Acts of spectacular incompetence have afflicted the EFCC under both Ribadu and Waziri.
Most egregiously, the EFCC under Ribadu failed to appeal a 2007 legally tenuous court ruling that purported to bar the EFCC from investigating alleged crimes by former Rivers State governor Peter Odili.
That ruling effectively derailed what could have been the commission’s most important case.
This report explains pragmatic steps the Nigerian government can take towards that goal.
Most analysis of the EFCC has focused on the commission’s two very different leaders.
This report analyzes the most promising effort Nigeria’s government has ever undertaken to fight corruption—the work of its Economic and Financial Crimes Commission (EFCC).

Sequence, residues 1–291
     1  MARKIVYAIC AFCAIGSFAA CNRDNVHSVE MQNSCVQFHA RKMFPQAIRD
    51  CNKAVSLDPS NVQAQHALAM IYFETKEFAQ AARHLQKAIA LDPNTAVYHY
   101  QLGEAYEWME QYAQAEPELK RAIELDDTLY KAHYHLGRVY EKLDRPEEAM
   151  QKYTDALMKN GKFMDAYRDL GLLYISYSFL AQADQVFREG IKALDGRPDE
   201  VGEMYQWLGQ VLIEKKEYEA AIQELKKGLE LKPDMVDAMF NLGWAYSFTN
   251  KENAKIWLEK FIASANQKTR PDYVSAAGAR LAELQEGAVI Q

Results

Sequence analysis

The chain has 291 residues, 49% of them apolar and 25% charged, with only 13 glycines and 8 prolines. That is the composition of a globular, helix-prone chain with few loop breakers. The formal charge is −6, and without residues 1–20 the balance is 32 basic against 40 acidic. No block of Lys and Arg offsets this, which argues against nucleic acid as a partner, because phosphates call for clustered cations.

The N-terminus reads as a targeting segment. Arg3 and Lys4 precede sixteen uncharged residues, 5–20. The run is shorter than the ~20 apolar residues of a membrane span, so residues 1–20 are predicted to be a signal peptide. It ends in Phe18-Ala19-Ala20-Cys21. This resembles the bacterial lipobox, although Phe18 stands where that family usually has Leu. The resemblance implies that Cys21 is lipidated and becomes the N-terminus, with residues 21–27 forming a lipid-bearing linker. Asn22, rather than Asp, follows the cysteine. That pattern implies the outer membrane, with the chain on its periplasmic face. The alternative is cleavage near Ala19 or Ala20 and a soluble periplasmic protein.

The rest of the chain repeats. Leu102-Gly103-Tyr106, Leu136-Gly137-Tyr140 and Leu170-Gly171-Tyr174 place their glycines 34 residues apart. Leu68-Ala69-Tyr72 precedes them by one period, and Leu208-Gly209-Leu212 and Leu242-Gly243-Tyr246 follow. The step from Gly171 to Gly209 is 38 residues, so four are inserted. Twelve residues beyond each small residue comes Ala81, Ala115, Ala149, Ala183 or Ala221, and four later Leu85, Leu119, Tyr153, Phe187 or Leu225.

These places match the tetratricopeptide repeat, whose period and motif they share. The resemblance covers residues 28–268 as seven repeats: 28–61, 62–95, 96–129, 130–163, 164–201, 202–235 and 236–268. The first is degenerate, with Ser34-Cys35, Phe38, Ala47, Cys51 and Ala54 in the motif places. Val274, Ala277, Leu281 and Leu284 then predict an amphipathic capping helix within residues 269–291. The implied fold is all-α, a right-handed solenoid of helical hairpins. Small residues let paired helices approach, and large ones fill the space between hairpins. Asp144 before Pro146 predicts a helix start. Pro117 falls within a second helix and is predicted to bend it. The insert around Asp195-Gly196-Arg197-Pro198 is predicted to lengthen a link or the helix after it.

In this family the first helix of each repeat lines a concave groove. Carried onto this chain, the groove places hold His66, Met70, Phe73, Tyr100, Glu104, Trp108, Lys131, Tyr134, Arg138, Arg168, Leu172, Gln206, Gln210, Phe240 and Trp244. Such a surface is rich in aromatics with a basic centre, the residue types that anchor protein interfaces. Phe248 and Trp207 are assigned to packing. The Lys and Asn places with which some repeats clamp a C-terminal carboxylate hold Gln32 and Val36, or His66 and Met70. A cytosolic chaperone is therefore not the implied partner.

Soon after it was established in December 2002, the EFCC began pursuing corruption cases in a way that publicly challenged the ironclad impunity enjoyed by Nigeria’s political elite.
Nigeria’s weak and overburdened judiciary offers seemingly endless opportunities for skilled defense lawyers to secure interminable and sometimes frivolous delays.
In some EFCC cases, the appearance of judicial impropriety has also been striking.Corruption is so pervasive in Nigeria that it has turned public service for many into a kind of criminal enterprise.Graft has fueled political violence, denied millions of Nigerians access to even the most basic health and education services, and reinforced police abuses and other widespread patterns of human rights violations.Despite its promise, the EFCC has fallen far short of its potential and eight years after its inception is left with a battered reputation and an uncertain record of accomplishment.This report examines the EFCC’s record against high-level corruption and the reasons for its shortcomings.Other senior political figures who have been widely implicated in corruption have not been prosecuted.